Joplin Spooklight Investigation: Perhaps one of the most famous ghost lights ever reported, it’s been called by many names including The Tri-State Spooklight and many neighboring communities claim the light as their own such as Neosha, Joplin, Hornet, Quapaw and Seneca. Allegedly first encountered during the infamous Trail Of Tears in 1836 the light was officially first reported in 1881, according to a publication published by Foster Young entitled Ozark Spooklight. However, in 1896 the small hamlet of Hornet was rocked by numerous sightings a large ball of light seen moving through the fields. The Spooklight is actually seen and encountered in Oklahoma near the town of Quapaw because the best viewing point is on the Missouri-Oklahoma border and the light, which is encountered, is truly in the state of Oklahoma and hasn’t made many treks into the state of Missouri. Legends are many for the possible cause including one of the oldest handed down by the Quapaw Indians who live nearby. They tell of two young Indian lovers who wished to marry but the chief demanded an unusually large amount for his daughters hand. Unable to meet his demand, they decided to elope against the chief’s wishes. A war party was soon dispatched once. When the two lovers discovered they were to be captured, they committed suicide by jumping from the highest peak in the area. In the 1870 era another legend is told of a miner whose cabin was raided by Indians while he was away. His wife and children were taken captive and he never saw them again. He is allegedly still searching for them with his lantern. And, of course, there is a legend concerning a farmer who was captured by Indians and beheaded. His lantern light is still seen along the road looking for his disembodied head! The local expert at the time we began our research into the Spooklight was Garland “Spooky” Middleton, now deceased, who once owned a small building at the edge of the Missouri-Oklahoma border. This building was converted into a Spooklight Museum where Spooky would entertain both locals and out-of-state visitors to the area with ice-cold soda and tales of the Spooklight through the years. The museum housed the best collection of pictures and newspaper articles concerning the light to date. In the early years of this establishment, Spooky used to have binoculars and telescopes set up, facing the road, and for ten cents a peek, you could look for the light. Unfortunately, after the death of Spooky, the building the area was bought up by new residents who did not share the same enthusiasm for the light as ol’ Spooky. They closed down the museum and actually tried to deter visitors to the site for a time. I do remember interviewing Spooky at great length about the more impressive encounters with the Spooklight. He pointed to a nearby field within a hundred yards or so and recalled an eerie encounter one evening. He remembered that the Spooklight appeared on the road just after sunset and began to roll like a basketball giving off sparks as it tumbled down the gravel road. It then entered into a grassy field where several cows were quietly grazing away. It appeared to move silently among the cattle without disturbing them one bit! In fact, the animals paid no attention to there illuminated visitor at all! The very first recorded investigation of the Spooklight was in 1942 by a group of students from the University of Michigan. They set up campsites in the area for about two weeks and began testing and experimenting to determine it’s origin and causes. Allegedly they even shot at the light with high-powered rifles. They recalled that the light only blinked out for a second or two and then reappeared at the same location. They came away completely mystified and without any answers. Next, the United States Army Corp of Engineers from nearby Camp Crowder began their research and studies of the phenomena in 1946. They used every type of experiment known, including the use of signal lights on a road thirteen miles away, trying to prove that car lights were the source of the ghost light. They made no definitive conclusion. However, our Captain R.L. Loftin later believed the engineers had used the wrong road. In January of 1983, I wrote to the Tulsa District Corps of Engineers in a hope to gain more insight into the investigation. This is the response that I received, “The Tulsa District of the Corps of Engineers has never made any investigation of the Spooklight near Joplin, Missouri. The Joplin area was, at one time, part of the area included in the Tulsa District’s boundary but no study or investigation of the light was ever made,” said John O. Thistler, Chief, Public Affairs Office. Hmmmm! In the Fall of 1955, a group of students from Shawnee Mission, Kansas High School, including; Albert Yeomen, Phil Hennessey, Simpson Yeomen, Bob Keeley, John DuBois, Mike O’Keefe, Bill Calvin and Larry Scamon, looked into the light. The group was assisted in experiments by Loftin. They came equipped with cameras, electronic measuring devices and communication equipment. They tested mines in the area for strange gases, atmospheric electricity and car lights. No concrete answers were found. Robert Gannon of Popular Mechanics conducted a similar test in 1965 accompanied by Dr. Henry H. Hicks and Jean Prideaux. Henry H. Hicks, professor of mechanical engineering at the University of Arkansas, also observed the light and said, “I rather doubt that atmospheric refractions could cause the effect (because) refractions are subdued at night...” and, he adds, that in his opinion, the light is “some kind of fixed light, perhaps a billboard light, (but) some of the mechanisms are not clear.” A billboard light? Seen since 1881? A light miles away but clear enough to be fixed on top of a gravel pile? Headlights? Refractions? Numerous explanations abound. During Labor Day weekend in 1982, the Ghost Research Society and members traveled to Joplin to conduct our own investigations and first-hand observations of the Spooklight. We, quite literally, chased this elusive light up and down the road from dusk to dawn never able to get close to identify it. We were able to get several excellent photographs and saw the image through 10x50 binoculars. We observed it the best after three in the morning when the traffic on the actual road ceased to be a problem. Myself and two other GRS members were stalking the light as quietly as possible when suddenly I was able to see the light a few feet above the ground and near a distant barn. At first glance, I thought the barn was on fire or perhaps someone had a bonfire raging nearby, because it was so extremely bright! It was at this point of time that I entered into what I would later call “a zone of fear” taken from a John Keel book. It was like a sudden, uncontrollable panic attack! Sometime I didn’t experience there since. All I wanted to do was run for the car and drive away but my curiosity got the best of me and I plunged forward, finally exiting this mysterious zone. At that point I was approximately seventy-five to a hundred yards away and was in for the shock of my life, at least to that point. The light did not appear to be a simple ball but a diamond-shaped object with a hollow center and a golden hue. We could actually see the trees and bushes right through the empty center of this object. My other researchers later verified the sighting upon my return to the car. It stayed in that relative position for about thirty seconds and then disappeared slowly behind a hill. What was truly remarkable was the space that was just occupied a moment ago by this light, now twinkled and glowed with some form of luminosity or phosphorescence. It quite literally sparkled with energy! It then reappeared in that same location twice more, bobbing up and down like a fisherman’s cork on the water, before disappearing altogether. We crept silently up the hill in the car hoping to see where it had gone. But before we got to the crest of the hill, it suddenly reappeared right in the middle of the road ahead of us less than seventy yards away! The light then proceeded to perform the now famous ‘bobbing action’ before disappearing after the third appearance. We attempted to crest the hill as quickly as possible but as we reached the summit, the light was already an estimated mile and a half away in the distance treetops. Total elapsed time to arrive at the summit was no more than sixty seconds! The GRS returned again in May of 1983 with more personnel and lots of new equipment. We brought along infrared film and a four and a half inch reflector telescope with a camera-mount. However inclement weather hampered our chances of deploying the telescope and getting a much better picture of the orb. However using the 35mm cameras and time exposures lasting from thirty to ninety seconds we did capture what appeared to be an extremely bright star and several shots show distinct movement and separation into many sections. Some pictures show the light splitting into two or three parts. Others show side to side motion. We were able to capture the light on video tape and the footage is quite remarkable! The tape is clear enough to show the background which is useful for gauging distance and size as well as other stationary street lights in the distance. The spooklight is clearly visible in the film and appears to move about, glows brighter and dimmer from time to time and disappears in a most unusual fashion. Instead of simply extinguishing itself altogether quickly, the light begins to dim considerably and slowly fades out like a campfire that is beginning to drown out. In fact the light is reminiscent of a candle flame seen from several miles away! We have since returned numerous times to view, investigate and record the light. It’s always there for all to see and inspire. On NBC’s The Other Side I was asked to investigate the light fo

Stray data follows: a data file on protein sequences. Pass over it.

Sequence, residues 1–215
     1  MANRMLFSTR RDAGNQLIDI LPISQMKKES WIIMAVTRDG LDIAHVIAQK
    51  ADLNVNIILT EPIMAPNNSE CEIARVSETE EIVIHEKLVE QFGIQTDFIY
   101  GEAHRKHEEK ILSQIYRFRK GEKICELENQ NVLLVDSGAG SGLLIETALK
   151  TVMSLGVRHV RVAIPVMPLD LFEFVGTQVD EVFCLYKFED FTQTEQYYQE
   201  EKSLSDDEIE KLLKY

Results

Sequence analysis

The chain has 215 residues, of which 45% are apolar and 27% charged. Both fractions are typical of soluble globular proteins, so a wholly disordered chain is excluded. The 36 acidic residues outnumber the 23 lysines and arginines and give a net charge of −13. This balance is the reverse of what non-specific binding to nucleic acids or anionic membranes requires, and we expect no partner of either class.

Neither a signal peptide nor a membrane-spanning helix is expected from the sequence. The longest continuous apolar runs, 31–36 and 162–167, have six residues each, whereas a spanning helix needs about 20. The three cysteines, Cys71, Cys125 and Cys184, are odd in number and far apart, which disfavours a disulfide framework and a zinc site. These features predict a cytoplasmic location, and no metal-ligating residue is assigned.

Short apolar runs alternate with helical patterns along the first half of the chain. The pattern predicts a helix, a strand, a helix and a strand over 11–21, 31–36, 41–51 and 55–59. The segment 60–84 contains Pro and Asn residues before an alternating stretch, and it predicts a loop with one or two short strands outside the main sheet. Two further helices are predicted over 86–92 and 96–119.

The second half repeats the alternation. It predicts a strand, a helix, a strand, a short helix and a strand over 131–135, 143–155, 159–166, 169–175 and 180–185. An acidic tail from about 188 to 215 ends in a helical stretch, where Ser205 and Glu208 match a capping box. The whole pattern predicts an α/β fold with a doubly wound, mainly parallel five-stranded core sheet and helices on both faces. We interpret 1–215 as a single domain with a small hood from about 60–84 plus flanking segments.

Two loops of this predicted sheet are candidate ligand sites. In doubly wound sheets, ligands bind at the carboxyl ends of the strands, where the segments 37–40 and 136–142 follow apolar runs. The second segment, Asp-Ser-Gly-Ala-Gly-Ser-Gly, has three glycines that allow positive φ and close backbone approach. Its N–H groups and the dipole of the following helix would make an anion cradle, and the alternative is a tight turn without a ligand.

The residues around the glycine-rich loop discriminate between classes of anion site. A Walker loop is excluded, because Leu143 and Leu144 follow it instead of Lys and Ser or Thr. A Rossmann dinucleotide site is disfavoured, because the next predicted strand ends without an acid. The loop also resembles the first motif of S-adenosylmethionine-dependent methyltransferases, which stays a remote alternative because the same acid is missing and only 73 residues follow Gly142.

HELLO OUT THERE! Just wanting to check in with y'all and let you know that we do appreciate your business. Over the past few weeks I have seen faces from way back, and many new ones coming in to store recently. We have heard many great compliments, and enjoy hearing that others are learning that we make deli sandwiches, and that many are glad to find that "this place" is not a bar...LOL. Alaways reminding all to Keep in mind that we still have the yummy soft serve ice cream that is the best around. ...in addition- for now, the bridge South of Peoria is still closed, so access from Highway 10 into town on 670 RD is not available without a detour on the dirt roads which leaves many driving in circles. The Sky Ranch road is still the best route to town. Hope to see you all soon!